£15 a month for legal P2P?
UK pirates mull options: Pay or defy?
Over a quarter of file sharers would pay £14.50 a month for a legal P2P service, according to new survey of UK downloaders. A quarter also agreed with ISPs blocking web sites as a countermeasure against infringement. But around a third of pirates (34 per cent) reckoned that ISP threats would make no difference at all to their download habits. Yarr.
The survey is law firm Wiggin's annual research into consumer and entertainment expenditure, this time conducted with Entertainment Media Research. You can compare the info-nuggets just published with those from a predecessor here, if you like. The survey comes up with some surprising results. In 2008 the same survey found 49 per cent of people thought DRM was a good idea. Moral: always take "an online consensus" with a large bag of salt.
Infringers were asked what they'd ideally be comfortable with paying for a legal P2P service, and were prompted with a range of fees from which to choose. 59 per cent opted for £3.00 to £3.50 a month. That's about the price of a pint of beer in the West End, or about 20 minutes of watching a Millwall FC game from a cheap seat, if you could watch Millwall by the minute from a cheap seat.
That's likely to be met with a slow hand clap and a raspberry from license holders, because of two unavoidable facts. Two thirds of broadband users don't do any infringing at all - they're just not interested. Either they don't like music - we were reminded recently that 44 per cent of the UK doesn't buy recorded music in any form - or they buy through legal channels. And secondly, as surveys have repeatedly shown, many infringers are music fans simply pursuing their interest, and many have a greater propensity to pay for music.
So it's in the interests of artists and their reps to cater to the real music fans with cash in their wallets, for they spend the most money. This means maximising income from a small part of the population. This is not going to be achieved by giving away the farm for a couple of magic beans. Or £35 a year…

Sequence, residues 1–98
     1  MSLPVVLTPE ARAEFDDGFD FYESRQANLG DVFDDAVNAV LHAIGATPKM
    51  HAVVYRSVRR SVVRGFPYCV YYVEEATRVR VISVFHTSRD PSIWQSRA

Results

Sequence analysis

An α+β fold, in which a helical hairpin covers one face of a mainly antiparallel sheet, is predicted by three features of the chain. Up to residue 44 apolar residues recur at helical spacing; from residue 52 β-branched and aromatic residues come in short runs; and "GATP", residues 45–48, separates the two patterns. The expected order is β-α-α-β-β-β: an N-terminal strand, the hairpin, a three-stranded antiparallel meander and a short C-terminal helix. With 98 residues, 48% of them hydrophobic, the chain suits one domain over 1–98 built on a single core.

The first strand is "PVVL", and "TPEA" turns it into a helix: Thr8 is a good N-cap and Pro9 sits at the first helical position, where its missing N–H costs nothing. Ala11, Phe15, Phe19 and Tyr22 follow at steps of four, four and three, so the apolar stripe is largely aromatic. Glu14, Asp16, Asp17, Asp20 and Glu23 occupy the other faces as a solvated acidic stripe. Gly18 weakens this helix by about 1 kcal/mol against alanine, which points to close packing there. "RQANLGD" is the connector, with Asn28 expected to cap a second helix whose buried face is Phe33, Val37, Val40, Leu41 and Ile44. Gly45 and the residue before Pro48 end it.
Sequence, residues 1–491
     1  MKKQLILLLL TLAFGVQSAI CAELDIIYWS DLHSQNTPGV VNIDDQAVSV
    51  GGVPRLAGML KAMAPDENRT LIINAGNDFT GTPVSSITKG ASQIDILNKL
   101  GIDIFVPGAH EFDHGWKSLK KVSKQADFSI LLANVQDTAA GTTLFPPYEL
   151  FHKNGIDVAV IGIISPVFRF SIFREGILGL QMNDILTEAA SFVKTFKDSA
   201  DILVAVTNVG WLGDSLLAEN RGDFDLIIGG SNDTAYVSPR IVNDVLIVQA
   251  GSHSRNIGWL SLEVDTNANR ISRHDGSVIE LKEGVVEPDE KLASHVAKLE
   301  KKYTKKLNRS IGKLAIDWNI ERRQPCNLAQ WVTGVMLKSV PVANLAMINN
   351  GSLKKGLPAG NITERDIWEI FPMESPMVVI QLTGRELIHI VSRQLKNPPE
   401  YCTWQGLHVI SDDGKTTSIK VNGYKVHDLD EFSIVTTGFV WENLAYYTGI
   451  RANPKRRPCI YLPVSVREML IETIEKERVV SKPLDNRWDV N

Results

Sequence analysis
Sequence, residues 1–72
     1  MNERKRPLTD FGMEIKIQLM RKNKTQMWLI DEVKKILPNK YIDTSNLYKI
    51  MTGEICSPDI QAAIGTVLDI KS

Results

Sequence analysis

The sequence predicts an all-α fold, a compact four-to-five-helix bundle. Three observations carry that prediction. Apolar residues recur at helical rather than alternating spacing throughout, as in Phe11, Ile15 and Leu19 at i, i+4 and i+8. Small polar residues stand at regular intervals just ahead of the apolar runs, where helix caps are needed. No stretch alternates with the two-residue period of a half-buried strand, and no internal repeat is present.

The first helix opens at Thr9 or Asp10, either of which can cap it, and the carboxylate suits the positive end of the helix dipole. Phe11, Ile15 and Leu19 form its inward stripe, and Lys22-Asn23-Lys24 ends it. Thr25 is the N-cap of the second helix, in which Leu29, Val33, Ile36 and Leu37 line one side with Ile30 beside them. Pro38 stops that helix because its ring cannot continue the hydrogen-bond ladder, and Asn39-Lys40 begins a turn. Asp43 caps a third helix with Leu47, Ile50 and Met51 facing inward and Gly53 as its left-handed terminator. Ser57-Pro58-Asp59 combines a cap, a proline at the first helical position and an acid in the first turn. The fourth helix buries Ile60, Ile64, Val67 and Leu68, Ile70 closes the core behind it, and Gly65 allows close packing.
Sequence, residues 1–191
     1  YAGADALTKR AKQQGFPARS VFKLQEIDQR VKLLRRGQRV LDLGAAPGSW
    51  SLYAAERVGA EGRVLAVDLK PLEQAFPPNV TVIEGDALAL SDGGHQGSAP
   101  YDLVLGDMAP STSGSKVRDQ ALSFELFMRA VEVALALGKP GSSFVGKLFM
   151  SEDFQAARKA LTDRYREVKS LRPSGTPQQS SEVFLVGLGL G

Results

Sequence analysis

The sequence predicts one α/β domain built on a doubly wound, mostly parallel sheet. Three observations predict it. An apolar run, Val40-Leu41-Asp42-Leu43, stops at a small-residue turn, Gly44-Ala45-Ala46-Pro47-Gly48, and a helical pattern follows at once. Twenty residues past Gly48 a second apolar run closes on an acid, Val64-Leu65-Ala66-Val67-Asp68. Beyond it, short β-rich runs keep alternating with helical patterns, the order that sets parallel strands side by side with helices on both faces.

High spending music fans also go hunting for unlicensed music - shock!
There are some subtle divisions amongst the labels when the topic comes up. The world's biggest major, Universal, has blessed unlimited downloads because it reckons it could capture more casuals this way. Indie boss Martin Mills recently told us that a low-cost unlimited service would hurt his roster of labels - their customers are music fans quite happy to buy stuff.
So unlimited deals, such as the Virgin-Universal venture, may hurt indies quite badly. £14.50 for P2P may do too, but less so.
There's a few more highlights from the study via Music Week, here. ®
Labels love it
The reason labels like this is because a flat fee means they don't have to actually pay any money to the artists.
If you download a track by band X then band X get a cut.
But a general download tax means all the money goes to the RIAA/PRS who take a cut and pass some on to the labels that are in their club (so non to small labels).
The labels then pass on some to their current favorite artists by some formula they get to decide - so it becomes a way of underwriting the launch of their latest boy band.
It also gives labels a continuing reason to exist in an age when a band can do a deal with itunes directly.
In Canada there is a tax on blank CDs to pay for illegal downloads (go figure) but the money goes to the equivalent of the RIAA who spend most of it on fees. - the rest they give to Celine Dion.
Meanwhile an indie artist that sells their own CDs have to pay a 25c levy on each disc.
Y'know - that *does* sound like a much better place than the one we live in where petty jobsworths do their best to make life miserable for everyone else...
"don't like it"? - more like "can't find it"
Given the enormous range of recorded music available IF YOU LOOK FOR IT, I would suggest that a lot of that 44% don't know what music exists past the crap we endure on daytime radio, and the shite acts churned out through X Factor and Britain's got talent.
The problem is not one of tastes not catered for, it's one of visibility. It's why I've believe there's more justification for keeping the non-commercial programming of stations such as 6Music and getting rid of chart and major label centric commercial daytime Radio 1.